Film History: The stars of the Studio Era began to emerge. Clark Gable took on his first credited role. Bette Davis signed her first contract with Warner Bros. Helen Hayes made her film debut. Marlene Dietrich first teamed with Josef von Sternberg. The silent stars were on their way out with the death of Lon Chaney and the marriage (and soon after, retirement) of Clara Bow, though Chaplin remained strong with yet another silent film. Unfortunately, Chaney wasn’t the only loss to the industry, as F.W. Murnau was killed in a car crash at the age of 42.
Academy Awards: They get it right one year, then badly screw it up the next. It seems to be a general consensus that Cimarron was a terrible Best Picture winner (I rank it the second worst behind Broadway Melody). It was one of 7 Best Picture winners dropped by AFI for its second poll and has by a large margin the lowest user rating on the IMDb of any BP. But then, it was pretty slim pickings. They nominated East Lynne, which is only available to view at UCLA (and thus one of three BP nominees I have never seen). Skippy is extremely difficult to find and is not worth watching, and certainly didn’t deserve its Best Director Oscar. Trader Horn is easier to see, but not necessarily worth it. That really leaves The Front Page as the top of the nominees and even that pales in comparison to its remake His Girl Friday. Three of my top 5 were foreign films, but the other two, City Lights and Dracula, both hits, went completely un-nominated. But in spite of being relentlessly mediocre, Cimarron was a trend-setter, the first film to get 7 nominations and the first BP to win a Screenplay award. Cimarron (along with A Free Soul) was the first film to get nominated for both Best Actor and Best Actress and Cimarron was the first to get the big 5 nominations (Picture, Director, Actor, Actress, Screenplay).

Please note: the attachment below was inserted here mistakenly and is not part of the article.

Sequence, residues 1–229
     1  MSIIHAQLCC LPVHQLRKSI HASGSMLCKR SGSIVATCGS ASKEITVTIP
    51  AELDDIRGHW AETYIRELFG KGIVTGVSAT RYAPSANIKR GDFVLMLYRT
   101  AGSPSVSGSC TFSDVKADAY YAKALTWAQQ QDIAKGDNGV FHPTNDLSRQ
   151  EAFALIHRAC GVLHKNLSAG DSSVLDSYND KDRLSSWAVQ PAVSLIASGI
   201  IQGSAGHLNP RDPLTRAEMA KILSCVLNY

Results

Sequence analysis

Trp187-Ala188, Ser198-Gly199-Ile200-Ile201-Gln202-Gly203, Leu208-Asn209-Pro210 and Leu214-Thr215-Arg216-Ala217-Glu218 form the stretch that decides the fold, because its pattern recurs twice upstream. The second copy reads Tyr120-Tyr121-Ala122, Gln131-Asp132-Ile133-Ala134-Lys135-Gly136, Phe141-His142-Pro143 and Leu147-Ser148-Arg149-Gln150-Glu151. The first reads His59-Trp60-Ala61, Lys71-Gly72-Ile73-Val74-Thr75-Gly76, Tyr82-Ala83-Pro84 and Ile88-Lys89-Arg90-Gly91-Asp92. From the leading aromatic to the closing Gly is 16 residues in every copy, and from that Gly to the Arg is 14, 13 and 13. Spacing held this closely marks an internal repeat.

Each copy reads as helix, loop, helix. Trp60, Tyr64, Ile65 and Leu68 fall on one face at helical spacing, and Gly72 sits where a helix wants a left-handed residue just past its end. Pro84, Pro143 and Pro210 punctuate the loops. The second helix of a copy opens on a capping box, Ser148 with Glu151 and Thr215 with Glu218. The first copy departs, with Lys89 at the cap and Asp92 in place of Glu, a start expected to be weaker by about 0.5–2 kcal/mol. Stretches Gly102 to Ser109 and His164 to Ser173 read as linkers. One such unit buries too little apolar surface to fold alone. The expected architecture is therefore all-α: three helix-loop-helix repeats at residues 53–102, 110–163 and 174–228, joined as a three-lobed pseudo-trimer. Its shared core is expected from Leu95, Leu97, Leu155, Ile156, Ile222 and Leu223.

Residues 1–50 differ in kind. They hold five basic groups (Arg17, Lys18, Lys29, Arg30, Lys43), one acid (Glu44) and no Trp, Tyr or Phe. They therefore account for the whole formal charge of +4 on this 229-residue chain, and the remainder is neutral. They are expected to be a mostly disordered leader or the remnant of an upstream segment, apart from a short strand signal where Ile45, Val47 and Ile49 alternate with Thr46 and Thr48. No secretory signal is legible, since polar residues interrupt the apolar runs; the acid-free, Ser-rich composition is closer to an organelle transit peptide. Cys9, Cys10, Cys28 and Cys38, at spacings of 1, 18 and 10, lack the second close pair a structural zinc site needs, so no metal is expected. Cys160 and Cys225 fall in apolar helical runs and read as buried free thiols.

- Worst Oscar: Best Writing Adaptation for Cimarron
- Worst Oscar Nomination: Best Picture for Skippy
- Worst Oscar Omission: Best Picture for City Lights
- Worst Oscar Category: Best Picture – None of the films deserved nominations, but Cimarron and Skippy are particularly bad choices.
- Best Oscar Category: Best Actress – All of them worthy – my top 5 is different only because I nominate Dietrich twice (also for Blue Angel)
Under-appreciated Film of 1931:
Dracula (dir. Tod Browning)
How can this be? The film that truly sparked the Golden Age of Horror? The film that made Lugosi a star and Universal a box office power? The first authorized use of the character who has appeared on film more than any character except Sherlock Holmes? Under-appreciated?
Well, in a word, yes. In spite of great direction, a great script, amazing art direction and first rate cinematography, Dracula failed to receive even a single Oscar nomination. Sadly this started a trend, as Dr. Jekyll and Mr. Hyde was the only Horror film in this era to get any decent appreciation from the Academy. Even given the few categories at the time, Dracula should have gotten 6 nominations and 2 Oscars (Adapted Screenplay and Art Direction), and the only film better for Best Picture, Director and Cinematography was City Lights, which also went unrecognized.